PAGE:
Dreamworks and Disney and Warner Brothers and Pixar, as animation studios, all have sought to find their own voice in an industry only recently beginning to be taken as seriously as the work deserves. Obviously, of these two groups, Disney and Warner are the hand-drawn titans, and Pixar and Dreamworks are the computer animated sovereigns.
Shark Tale is Dreamworks’ latest entry to its spotty but prolific short history. You might think, oh, it’s just another Finding Nemo, because it’s about fish. The good news for Dreamworks is that short of being set in a reef, the similarities between Oscar’s and Marlin’s stories are nil. The good news for Pixar is that they are in no danger of being overcome by Dreamworks’ quality. I hate to deride any work in this genre – it is a long, painful labor of love over many years, and the results can be dismissed in an instant. It always starts with the writing, and there is where Dreamworks fails its hard working animators.
Oscar (voiced by Will Smith) is a high-dreaming, but not hard-working, fish who happens to get entangled in the life of a powerfully connected vegetarian shark (an unrecognizable Jack Black). The reef is a punny, barnacled New York City, its transmogrification more like Shrek’s faux Hollywood than Osmosis Jone’s pun-centered alternate universe. While you’re waiting for something funny to come out of the action or dialogue, you can enjoy funny visual gags. The fish are highly anthropomorphized, sass-talking creatures with a penchant for the latest commercial successes. The main story is amusing enough, but nothing to write home about.
The better treats are the supporting characters and the throwaway visual jokes. I don’t mean “Gup” as a pun for the Gap. I laughed harder at an octopus pouring tea – underwater, with all that implies – than at any of the jokes they told me to laugh at. I felt pretty much the same as in the Shrek sequel – like I was being told “this is funny” and that I was just supposed to believe it. However, anything having to do with the inherent difficulties of our human lives being conducted underwater (tea, paint, fire hydrants) was funny. Supporting characters Leno (Robert DeNiro) and Sykes (Martin Scorcese) were great. These actors were really having fun, not clocking a paycheck. Don’t get me wrong, I like Smith and Black, but these dynamic performers were trapped by their roles (as were the dames), whereas Deniro and Scorcese were liberated by them.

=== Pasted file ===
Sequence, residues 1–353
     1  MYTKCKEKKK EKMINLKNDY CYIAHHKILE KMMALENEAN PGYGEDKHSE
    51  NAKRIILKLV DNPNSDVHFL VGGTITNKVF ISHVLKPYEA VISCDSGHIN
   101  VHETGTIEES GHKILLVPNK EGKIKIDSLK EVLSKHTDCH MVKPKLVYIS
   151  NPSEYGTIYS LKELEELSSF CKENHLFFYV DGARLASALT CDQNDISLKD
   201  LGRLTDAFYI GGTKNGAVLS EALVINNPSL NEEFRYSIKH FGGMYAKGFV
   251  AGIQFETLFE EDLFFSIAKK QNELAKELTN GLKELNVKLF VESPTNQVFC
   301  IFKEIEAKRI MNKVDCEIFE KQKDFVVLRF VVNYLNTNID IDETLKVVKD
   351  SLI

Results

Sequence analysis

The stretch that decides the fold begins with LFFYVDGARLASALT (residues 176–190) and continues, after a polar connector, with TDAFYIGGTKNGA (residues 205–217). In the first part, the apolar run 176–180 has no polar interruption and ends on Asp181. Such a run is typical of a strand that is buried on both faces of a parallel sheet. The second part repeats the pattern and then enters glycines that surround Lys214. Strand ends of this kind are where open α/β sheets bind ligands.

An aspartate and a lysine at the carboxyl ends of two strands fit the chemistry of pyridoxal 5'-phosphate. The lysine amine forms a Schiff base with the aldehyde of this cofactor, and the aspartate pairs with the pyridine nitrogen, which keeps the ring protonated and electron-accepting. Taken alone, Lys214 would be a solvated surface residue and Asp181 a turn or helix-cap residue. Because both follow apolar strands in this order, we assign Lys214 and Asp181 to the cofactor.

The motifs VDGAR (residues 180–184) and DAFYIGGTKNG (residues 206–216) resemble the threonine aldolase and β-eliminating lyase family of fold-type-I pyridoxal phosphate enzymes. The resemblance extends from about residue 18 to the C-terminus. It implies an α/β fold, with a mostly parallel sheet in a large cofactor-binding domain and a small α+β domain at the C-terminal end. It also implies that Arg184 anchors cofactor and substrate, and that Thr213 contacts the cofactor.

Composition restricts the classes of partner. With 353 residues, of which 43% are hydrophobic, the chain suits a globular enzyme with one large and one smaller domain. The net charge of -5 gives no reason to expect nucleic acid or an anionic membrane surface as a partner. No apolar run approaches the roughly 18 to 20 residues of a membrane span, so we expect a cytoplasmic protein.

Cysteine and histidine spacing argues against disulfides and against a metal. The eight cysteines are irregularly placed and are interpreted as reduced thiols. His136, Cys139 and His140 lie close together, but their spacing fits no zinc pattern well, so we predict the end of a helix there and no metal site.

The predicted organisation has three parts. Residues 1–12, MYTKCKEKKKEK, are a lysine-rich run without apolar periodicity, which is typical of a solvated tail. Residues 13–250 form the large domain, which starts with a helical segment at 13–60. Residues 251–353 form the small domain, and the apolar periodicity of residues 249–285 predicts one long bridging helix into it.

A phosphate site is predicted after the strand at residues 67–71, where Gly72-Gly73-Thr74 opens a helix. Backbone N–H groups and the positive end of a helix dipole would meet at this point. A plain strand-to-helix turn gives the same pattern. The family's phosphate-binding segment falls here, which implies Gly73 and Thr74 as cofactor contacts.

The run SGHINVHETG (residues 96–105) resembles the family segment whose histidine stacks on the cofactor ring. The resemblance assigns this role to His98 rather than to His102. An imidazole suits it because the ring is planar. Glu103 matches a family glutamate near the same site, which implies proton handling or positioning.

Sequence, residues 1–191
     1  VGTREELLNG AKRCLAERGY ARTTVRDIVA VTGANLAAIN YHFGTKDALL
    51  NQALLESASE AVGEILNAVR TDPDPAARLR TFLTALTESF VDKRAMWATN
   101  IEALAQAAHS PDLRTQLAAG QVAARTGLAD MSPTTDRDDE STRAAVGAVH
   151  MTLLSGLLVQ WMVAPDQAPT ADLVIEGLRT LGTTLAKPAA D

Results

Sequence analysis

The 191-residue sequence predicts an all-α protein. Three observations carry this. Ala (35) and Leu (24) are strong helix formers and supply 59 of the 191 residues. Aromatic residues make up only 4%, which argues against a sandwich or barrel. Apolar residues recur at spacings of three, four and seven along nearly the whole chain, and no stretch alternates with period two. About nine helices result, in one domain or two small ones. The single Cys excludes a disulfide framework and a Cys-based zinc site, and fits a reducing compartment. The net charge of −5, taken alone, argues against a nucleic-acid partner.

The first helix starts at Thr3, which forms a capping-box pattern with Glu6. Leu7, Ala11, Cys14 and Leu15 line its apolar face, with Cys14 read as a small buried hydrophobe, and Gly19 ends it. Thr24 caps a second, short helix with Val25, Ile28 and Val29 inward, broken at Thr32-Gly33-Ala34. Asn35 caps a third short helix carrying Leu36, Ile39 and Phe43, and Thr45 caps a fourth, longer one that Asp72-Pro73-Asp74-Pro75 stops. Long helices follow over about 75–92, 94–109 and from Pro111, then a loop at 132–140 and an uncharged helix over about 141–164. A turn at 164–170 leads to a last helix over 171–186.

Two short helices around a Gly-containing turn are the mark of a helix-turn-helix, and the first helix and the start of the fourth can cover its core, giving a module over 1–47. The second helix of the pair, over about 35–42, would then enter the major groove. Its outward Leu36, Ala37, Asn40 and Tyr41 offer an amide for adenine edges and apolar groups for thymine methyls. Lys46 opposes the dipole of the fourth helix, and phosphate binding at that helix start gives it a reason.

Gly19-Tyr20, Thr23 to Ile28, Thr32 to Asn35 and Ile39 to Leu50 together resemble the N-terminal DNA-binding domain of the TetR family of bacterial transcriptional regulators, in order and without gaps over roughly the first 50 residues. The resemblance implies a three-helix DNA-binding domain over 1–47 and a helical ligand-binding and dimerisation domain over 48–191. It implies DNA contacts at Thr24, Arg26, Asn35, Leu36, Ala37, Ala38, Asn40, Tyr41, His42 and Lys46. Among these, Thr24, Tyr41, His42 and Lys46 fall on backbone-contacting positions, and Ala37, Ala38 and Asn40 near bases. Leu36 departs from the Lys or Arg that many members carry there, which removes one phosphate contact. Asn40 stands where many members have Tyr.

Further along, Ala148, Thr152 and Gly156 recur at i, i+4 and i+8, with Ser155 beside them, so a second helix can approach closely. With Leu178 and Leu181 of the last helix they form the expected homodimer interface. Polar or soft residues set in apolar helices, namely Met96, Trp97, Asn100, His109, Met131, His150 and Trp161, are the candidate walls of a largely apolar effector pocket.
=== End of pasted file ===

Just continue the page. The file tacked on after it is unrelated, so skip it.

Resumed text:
The voice casting overall was great. Renee Zellweger sounds like a girl next door and Angelina Jolie sounds like a social climbing vamp. Go figure. The jellyfish thugs assayed by Doug E. Doug and, yes, Ziggy freaking Marley) were as cool to look at as to listen to bickering.
This Shark Tale, however, stripped to the bone, is like 100 other stories just like it, with the corporate stench of “like this or else” that has permeated Dreamworks’ animation since after Prince of Egypt. I enjoyed it on a simple level, my companion loved it, and it was a diverting little movie. It’s no Finding Nemo, with its tumbling, biology-derived humor, genuine characterizations, and mature-yet-accessible-to-kids writing. Shark Tale has hip hop and funk numbers, with the older fish dancing as painfully fake as their real life bodies would, crass commercialism, and forgettable kid characters in a movie supposedly written for them. Nemo was a cool, gutsy kid with resources and real child anxieties, vulnerability, and heroism. It’s not fair to compare, but it can’t be helped, what with the fish and all. The animation is good, the performances are good, but it’s between Nemo and this that we can easily draw the distinction between movie and classic. It’s mostly worth seeing, but it’s disposable.
MPAA Rating PG
Release date 10/1/04
Time in minutes 90
Director Rob Letterman, Bibo Bergeron, Vicky Jenson